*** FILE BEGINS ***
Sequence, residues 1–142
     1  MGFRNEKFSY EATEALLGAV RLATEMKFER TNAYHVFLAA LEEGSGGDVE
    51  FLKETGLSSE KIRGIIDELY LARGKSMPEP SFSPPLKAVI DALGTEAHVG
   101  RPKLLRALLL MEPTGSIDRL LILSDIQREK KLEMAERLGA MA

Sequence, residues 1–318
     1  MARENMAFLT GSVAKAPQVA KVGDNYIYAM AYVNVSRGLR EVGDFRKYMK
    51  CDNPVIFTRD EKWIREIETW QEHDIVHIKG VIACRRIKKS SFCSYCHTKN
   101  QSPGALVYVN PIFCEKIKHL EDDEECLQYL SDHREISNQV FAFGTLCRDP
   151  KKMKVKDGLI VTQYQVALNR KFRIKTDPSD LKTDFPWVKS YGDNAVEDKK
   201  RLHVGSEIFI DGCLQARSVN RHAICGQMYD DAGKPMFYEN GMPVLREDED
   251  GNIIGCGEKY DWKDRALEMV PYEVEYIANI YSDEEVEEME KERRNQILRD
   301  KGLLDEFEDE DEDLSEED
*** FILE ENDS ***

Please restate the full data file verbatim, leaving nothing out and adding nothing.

Sequence, residues 1–142
     1  MGFRNEKFSY EATEALLGAV RLATEMKFER TNAYHVFLAA LEEGSGGDVE
    51  FLKETGLSSE KIRGIIDELY LARGKSMPEP SFSPPLKAVI DALGTEAHVG
   101  RPKLLRALLL MEPTGSIDRL LILSDIQREK KLEMAERLGA MA

Sequence, residues 1–318
     1  MARENMAFLT GSVAKAPQVA KVGDNYIYAM AYVNVSRGLR EVGDFRKYMK
    51  CDNPVIFTRD EKWIREIETW QEHDIVHIKG VIACRRIKKS SFCSYCHTKN
   101  QSPGALVYVN PIFCEKIKHL EDDEECLQYL SDHREISNQV FAFGTLCRDP
   151  KKMKVKDGLI VTQYQVALNR KFRIKTDPSD LKTDFPWVKS YGDNAVEDKK
   201  RLHVGSEIFI DGCLQARSVN RHAICGQMYD DAGKPMFYEN GMPVLREDED
   251  GNIIGCGEKY DWKDRALEMV PYEVEYIANI YSDEEVEEME KERRNQILRD
   301  KGLLDEFEDE DEDLSEED